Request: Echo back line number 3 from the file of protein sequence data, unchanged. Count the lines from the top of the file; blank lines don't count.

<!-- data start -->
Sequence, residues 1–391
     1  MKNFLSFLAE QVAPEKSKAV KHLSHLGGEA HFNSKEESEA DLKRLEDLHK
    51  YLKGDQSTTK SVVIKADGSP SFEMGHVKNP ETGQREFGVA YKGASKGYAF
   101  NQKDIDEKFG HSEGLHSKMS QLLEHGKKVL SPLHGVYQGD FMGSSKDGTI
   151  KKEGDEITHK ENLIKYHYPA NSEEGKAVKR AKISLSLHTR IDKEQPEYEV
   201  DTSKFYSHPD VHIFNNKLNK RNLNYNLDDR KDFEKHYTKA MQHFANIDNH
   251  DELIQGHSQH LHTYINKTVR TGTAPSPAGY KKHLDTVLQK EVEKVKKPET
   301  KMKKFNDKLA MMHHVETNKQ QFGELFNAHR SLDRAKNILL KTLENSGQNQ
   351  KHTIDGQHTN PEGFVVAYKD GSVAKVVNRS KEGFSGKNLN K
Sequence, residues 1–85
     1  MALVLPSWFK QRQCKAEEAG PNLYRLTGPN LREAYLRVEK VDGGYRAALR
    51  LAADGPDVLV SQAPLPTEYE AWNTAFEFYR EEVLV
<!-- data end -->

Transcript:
    51  YLKGDQSTTK SVVIKADGSP SFEMGHVKNP ETGQREFGVA YKGASKGYAF